Friday, July 14, 2017

Letting Go

In The Fantasticks, El Gallo says, "There is a curious paradox that no one can explain: who understands the secrets of the reaping of the grain? Who understands why spring is born out of winter's laboring pain, or why we all must die a bit before we grow again?"
Life has but one central problem: the need to let go. With the possible exception of abject deprivation, nearly every symptom, complex, problem, issue that humans experience can be traced to some dimension of the need to release something that is hindering or blocking. Sometimes it is not necessarily a bad thing that we need to let go of. It may be beautiful, precious, or a talent aching to be shared. The athlete who is training, intent on breaking his or her record, must let go of fear, self-doubt, or perhaps behaviors that would drain off needed energy to push forward past the present limit. Sometimes it is an addiction, or grief, or self-loathing, or some emotion or memory. Sometimes whatever we need to shed is obvious if not easy. Sometimes it is hidden, maybe insidious.
Take any path, religious, spiritual, psychological, or some other—any path that will lead you to know yourself and not some false image of yourself—and you will find that the destination is a place of peace. Strangely it comes not from anything you possess, material or non-material, but from what you are able to part with.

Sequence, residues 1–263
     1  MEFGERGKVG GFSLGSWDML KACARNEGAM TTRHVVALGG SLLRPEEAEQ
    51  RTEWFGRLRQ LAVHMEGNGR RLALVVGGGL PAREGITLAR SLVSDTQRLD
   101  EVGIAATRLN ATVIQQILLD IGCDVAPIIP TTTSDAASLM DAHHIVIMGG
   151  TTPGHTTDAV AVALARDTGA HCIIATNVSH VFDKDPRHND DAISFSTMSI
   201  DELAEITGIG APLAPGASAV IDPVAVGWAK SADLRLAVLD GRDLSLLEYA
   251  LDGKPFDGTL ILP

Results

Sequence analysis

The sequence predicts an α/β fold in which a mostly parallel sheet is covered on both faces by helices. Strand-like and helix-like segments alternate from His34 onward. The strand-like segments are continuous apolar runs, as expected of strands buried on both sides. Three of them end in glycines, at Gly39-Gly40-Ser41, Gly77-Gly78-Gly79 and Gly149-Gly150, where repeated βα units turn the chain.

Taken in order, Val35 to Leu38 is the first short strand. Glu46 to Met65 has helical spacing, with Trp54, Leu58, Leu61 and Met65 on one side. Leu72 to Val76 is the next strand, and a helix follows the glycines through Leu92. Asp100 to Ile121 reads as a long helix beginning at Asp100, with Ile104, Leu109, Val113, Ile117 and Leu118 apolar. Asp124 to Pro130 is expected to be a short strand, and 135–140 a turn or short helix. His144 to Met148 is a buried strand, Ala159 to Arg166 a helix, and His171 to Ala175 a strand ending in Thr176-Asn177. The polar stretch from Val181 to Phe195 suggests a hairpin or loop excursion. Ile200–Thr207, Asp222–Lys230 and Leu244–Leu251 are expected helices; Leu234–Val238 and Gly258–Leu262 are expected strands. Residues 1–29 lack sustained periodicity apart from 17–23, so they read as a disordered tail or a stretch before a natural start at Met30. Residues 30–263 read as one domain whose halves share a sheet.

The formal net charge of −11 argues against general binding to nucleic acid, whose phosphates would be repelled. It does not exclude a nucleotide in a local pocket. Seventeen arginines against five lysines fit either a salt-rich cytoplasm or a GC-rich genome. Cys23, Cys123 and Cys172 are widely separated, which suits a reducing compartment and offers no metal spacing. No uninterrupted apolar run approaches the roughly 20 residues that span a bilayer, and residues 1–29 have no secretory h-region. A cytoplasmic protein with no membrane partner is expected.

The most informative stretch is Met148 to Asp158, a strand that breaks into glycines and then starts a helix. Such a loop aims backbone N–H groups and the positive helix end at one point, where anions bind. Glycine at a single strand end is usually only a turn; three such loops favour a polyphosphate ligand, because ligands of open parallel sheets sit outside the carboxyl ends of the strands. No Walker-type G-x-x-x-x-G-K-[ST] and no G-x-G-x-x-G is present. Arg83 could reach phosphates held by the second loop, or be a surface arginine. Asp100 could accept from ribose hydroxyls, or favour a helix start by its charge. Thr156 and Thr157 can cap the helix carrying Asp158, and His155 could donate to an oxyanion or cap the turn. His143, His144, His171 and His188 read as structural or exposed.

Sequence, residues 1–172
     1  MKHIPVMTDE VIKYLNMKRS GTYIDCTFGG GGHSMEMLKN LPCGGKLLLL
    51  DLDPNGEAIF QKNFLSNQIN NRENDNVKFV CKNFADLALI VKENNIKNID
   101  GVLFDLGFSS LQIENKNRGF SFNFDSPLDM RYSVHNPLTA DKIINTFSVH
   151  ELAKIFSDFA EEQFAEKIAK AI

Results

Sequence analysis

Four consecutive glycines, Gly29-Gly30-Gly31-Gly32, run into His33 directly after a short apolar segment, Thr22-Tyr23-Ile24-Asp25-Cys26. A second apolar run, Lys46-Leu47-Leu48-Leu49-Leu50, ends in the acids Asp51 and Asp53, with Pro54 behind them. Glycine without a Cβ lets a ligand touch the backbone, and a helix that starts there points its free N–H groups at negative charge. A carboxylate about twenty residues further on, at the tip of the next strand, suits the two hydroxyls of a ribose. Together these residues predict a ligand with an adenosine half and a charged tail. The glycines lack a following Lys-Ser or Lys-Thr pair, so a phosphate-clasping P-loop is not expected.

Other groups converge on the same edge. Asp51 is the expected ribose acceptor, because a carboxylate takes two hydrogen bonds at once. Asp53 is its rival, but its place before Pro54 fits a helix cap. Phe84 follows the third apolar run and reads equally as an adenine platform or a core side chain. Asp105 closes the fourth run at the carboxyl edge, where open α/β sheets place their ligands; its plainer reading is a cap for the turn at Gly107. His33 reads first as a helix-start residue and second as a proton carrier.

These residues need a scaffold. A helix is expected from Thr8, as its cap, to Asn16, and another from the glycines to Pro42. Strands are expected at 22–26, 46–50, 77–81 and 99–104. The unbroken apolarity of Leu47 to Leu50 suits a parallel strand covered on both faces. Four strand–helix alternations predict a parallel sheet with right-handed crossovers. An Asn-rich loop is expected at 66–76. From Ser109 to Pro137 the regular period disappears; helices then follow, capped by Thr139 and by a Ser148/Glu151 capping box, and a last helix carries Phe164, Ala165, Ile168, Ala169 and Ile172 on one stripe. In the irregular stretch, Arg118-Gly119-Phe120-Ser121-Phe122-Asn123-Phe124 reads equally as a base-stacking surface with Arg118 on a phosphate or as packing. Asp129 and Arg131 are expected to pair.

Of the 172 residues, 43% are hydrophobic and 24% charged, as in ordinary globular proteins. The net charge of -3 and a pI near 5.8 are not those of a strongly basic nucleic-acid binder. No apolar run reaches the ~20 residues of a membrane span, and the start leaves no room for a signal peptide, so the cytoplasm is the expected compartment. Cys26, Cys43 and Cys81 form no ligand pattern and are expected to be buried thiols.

The heart of discipleship is having nothing you cannot afford to lose. Only when we are able to lose it all do we ever discover the proper place of the obverse of letting go: holding on. That is the paradox. Grasping and holding, especially for the insecure, will always be more powerfully attractive than letting go. Letting go feels like dying because it is an act of dying.
But letting go comes with a very big warning. Be sure when you let go that what is left you give to a good and true Master, whoever that may be, called by whatever name. For when the house is swept clean, the demons compete to occupy it.
Letting go never ends. That is why it is ultimately transformative. We all must die a bit before we grow again.

© Frank Gasque Dunn, 2017

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